As Roger Federer, Rafael Nadal and Novak Djokovic make final preparations for the Australian Open, their three-way race to be crowned the Greatest of All Time has never been closer. Where does each man’s résumé stand, and what are their prospects for 2020?
Is it an epic? A saga? An adventure? All of those words fit the three-man race that Roger Federer, Rafael Nadal and Novak Djokovic have been running since the mid-2000s. Their prolonged contest to see who can win the most Grand Slam singles titles and be crowned the mythical GOAT of men’s tennis has only grown tighter over time. And there’s still no finish line in sight.
Their starts were staggered. Federer began in 2003, with his first major title, at Wimbledon. Like a born front-runner, he sprinted out to what appeared to be an insurmountable lead. Nadal came off the block two years later, with his first title at Roland Garros, and slowly pulled to within striking distance of Federer. Just when it looked as if the two would leave the ATP pack in the dust, Djokovic came tearing up behind them on the outside. He won his first major at the Australian Open in 2008; by 2011, the rivalry was a trivalry, and the Big Three was born.
In the decade since, each man has stumbled and been counted out of the race at least once. But rather than succumb to the aging process in their 30s, the way tennis champions of the past have, all three found second winds. Between them, they’ve won the last 12 Slams to bring their collective total to 55—20 for Federer; 19 for Nadal; 16 for Djokovic. No ATP player under 30 has won even one. It’s safe to say they’ve lapped the competition.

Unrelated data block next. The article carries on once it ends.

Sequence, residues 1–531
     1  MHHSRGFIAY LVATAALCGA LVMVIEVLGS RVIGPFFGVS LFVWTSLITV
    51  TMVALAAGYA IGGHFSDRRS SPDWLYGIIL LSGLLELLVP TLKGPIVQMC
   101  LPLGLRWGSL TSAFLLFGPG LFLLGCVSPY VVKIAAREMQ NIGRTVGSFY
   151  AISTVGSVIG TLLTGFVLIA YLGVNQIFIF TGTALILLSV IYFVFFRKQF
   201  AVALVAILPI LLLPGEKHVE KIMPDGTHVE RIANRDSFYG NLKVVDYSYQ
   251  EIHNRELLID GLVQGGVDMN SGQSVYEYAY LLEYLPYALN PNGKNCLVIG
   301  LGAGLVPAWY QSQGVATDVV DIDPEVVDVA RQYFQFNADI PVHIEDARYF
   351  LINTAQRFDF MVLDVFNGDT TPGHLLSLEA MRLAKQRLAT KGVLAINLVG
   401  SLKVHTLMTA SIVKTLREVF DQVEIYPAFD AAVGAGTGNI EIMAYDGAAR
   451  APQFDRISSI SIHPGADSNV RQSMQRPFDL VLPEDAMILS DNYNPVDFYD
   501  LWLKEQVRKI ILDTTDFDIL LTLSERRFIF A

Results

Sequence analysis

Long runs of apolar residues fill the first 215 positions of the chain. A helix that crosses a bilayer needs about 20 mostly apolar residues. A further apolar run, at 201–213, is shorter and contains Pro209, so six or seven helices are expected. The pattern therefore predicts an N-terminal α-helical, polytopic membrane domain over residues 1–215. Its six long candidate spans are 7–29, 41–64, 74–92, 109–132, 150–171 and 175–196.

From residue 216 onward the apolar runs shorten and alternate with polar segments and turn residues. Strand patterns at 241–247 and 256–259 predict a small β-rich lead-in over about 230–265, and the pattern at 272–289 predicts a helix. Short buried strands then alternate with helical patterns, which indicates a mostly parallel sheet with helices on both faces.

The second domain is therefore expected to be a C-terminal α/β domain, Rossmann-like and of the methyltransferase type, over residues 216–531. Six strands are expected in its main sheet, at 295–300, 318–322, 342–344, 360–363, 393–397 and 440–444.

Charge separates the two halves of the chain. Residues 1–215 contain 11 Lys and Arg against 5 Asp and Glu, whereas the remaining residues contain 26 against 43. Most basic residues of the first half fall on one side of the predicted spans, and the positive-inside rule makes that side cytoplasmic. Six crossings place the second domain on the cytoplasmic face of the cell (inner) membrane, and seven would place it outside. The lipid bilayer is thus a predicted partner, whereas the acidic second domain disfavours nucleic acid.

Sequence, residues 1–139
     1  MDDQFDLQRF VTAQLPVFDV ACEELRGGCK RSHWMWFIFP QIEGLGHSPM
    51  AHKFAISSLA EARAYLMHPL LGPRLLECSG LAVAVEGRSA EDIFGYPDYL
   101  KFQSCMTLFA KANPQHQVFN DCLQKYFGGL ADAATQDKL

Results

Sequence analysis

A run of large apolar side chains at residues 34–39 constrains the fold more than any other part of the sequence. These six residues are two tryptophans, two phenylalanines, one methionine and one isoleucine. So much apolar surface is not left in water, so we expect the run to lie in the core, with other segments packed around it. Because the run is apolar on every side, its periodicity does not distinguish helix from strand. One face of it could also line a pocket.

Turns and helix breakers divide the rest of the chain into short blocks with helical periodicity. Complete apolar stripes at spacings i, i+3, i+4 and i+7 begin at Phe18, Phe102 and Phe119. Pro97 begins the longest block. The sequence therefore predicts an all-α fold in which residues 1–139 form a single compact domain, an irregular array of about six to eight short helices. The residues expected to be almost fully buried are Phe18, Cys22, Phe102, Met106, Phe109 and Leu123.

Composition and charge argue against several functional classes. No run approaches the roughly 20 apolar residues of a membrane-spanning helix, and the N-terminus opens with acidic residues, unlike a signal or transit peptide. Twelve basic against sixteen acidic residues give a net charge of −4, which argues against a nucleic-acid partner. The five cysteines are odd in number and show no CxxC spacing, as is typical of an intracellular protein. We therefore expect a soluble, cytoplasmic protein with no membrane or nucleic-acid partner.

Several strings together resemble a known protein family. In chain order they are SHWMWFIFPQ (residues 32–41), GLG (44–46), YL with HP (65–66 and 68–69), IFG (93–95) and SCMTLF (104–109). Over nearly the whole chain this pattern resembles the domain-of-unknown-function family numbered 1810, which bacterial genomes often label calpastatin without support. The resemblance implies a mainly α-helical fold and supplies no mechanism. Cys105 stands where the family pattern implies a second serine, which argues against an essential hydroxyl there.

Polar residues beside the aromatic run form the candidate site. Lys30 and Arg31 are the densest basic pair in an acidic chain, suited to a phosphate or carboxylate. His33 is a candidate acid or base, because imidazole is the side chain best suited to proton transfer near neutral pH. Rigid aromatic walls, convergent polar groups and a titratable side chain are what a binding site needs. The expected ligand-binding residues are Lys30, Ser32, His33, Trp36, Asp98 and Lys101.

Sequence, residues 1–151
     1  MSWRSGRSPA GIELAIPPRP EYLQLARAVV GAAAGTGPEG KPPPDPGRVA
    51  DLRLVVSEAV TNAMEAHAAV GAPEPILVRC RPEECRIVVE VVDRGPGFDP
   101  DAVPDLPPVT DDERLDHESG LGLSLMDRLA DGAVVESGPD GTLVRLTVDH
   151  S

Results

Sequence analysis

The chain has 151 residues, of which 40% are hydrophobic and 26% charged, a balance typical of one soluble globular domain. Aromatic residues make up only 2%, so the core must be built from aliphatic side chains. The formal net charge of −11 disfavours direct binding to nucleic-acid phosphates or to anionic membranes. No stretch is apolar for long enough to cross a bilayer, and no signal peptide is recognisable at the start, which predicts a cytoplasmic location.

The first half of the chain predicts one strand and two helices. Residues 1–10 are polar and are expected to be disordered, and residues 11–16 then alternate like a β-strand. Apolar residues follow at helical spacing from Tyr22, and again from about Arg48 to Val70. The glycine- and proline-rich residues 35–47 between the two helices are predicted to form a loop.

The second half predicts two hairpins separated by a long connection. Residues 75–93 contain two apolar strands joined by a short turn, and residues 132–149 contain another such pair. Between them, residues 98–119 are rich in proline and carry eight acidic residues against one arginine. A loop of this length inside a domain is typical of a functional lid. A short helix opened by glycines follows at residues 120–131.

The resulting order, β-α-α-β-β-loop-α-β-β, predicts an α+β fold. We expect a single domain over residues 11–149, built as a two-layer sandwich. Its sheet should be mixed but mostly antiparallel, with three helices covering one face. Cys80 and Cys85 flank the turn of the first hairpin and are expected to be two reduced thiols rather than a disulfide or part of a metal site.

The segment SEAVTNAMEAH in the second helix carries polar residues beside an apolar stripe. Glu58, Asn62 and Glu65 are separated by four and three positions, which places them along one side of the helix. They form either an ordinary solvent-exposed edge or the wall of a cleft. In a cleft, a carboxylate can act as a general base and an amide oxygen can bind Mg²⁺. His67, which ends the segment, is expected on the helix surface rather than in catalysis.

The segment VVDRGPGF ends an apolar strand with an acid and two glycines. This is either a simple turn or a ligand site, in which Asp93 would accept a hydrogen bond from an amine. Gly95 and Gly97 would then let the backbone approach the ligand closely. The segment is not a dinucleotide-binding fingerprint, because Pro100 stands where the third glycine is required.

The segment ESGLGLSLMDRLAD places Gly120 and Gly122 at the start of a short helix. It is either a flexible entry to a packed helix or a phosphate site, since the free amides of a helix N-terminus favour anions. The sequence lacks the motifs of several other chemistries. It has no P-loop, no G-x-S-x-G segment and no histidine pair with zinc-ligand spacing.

“It’s a special moment in tennis,” says former No. 1 Mark Knowles. “I remember when Pete Sampras won his 14th major and broke Roy Emerson’s record. Now you have three guys who are blowing that out of the water. That’s a testament to their professionalism, which has been unmatched by any other generation.”
The Big Three show no signs of slacking off. By now, every Slam final they play comes with added weight.
“They know what these finals mean,” says former No. 1 Jim Courier. “They know that every one they get, they’re taking one away from the other guys.”
“It’s probably not a coincidence,” adds Knowles, “that they’re becoming even more dominant as their competition gets closer.”
As 2020 begins, the Big Three are in a virtual dead heat. Each has finished five seasons at No. 1, and if you add up Grand Slams, Masters 1000s and ATP Finals titles, Djokovic has 55, and Federer and Nadal have 54 each. While Federer still leads in match wins, tournament wins and weeks at No. 1, Nadal and Djokovic are closing the gap.
“When we talk about who the greatest is, Grand Slams will be the easiest number to point to,” Courier says. “But that’s not the only metric. I think you have to look at everything.”
Can the Big Three sweep the Slams for yet another year? Can any of them gain significant ground on the others? Whoever finishes first in this race will likely be considered the Greatest of All Time for decades to come.